Jesus is here offering us the light that gives life to men, everlasting water, he wants to reveal his glory in us. The question is are we going to believe in him. Are we going to accept the light coming into the world or are we going to continue to live in darkness. Sometimes the darkness we live in can take a surprising form. Sometimes the darkness we live in can be religious in nature. Can we, like the Jews, become so involved in all the ‘shoulds’ and ‘should nots’ that we lose sight of the one who saves us? Can we become so involved with what people think of us, even at church, that we lose sight of what God wants us to do and be satisfied in the glory he gives us? Can we get so bogged down in ‘religion’ that we lose sight of doing what is truly right?

This might seem like a sermon of judgment this week and in a sense it is. But it is also a message of hope. We take hope from the fact that Jesus was persecuted and tried while he was on earth. We take hope from the fact that we have others who will join us in this journey in living for Christ. We take hope from the fact that Jesus suffers with us in whatever trials come our way. Whether they be spiritual, social, physical, or emotional he is with us and we can trust in him. This trial is not one of condemnation and suffering but one of great joy! This is the good news! That light has come into the world and that light gives us life.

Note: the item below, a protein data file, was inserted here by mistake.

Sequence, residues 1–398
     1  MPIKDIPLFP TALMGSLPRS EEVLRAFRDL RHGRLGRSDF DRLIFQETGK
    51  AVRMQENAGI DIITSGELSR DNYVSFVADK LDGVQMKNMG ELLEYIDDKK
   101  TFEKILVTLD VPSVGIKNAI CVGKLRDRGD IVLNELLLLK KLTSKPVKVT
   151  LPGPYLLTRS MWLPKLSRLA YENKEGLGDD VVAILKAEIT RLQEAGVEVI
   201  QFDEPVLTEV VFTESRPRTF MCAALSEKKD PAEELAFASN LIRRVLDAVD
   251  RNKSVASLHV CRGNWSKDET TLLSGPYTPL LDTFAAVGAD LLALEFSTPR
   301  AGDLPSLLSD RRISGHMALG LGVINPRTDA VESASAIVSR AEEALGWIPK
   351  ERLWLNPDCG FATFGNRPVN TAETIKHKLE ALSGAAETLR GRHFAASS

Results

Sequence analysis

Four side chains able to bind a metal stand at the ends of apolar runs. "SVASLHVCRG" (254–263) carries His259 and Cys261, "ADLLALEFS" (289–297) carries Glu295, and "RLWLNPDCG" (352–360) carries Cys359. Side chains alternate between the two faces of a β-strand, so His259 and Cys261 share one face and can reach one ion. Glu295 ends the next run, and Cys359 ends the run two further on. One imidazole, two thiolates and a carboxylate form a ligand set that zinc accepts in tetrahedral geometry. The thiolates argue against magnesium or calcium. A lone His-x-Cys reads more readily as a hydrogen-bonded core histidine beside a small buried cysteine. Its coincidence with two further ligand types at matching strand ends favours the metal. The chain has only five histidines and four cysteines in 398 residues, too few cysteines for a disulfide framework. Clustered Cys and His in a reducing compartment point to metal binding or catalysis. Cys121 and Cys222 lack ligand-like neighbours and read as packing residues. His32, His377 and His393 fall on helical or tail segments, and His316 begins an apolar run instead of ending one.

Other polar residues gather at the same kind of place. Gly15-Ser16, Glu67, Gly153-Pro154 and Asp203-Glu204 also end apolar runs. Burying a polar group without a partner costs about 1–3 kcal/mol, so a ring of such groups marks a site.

The trial of John 5 has so many different facets in it. Is it a trial about who Jesus is? Yes. Is it a trial about what we believe? Yes. Is it hope and encouragement for us who are going through trials hardships in this life? Yes. What does this trial mean to you? Where do you find yourself? Do we find ourselves being persecuted with Christ? Do we find ourselves among those genuinely seeking him? Or do we find ourselves seeing but not understanding like the teachers of the law.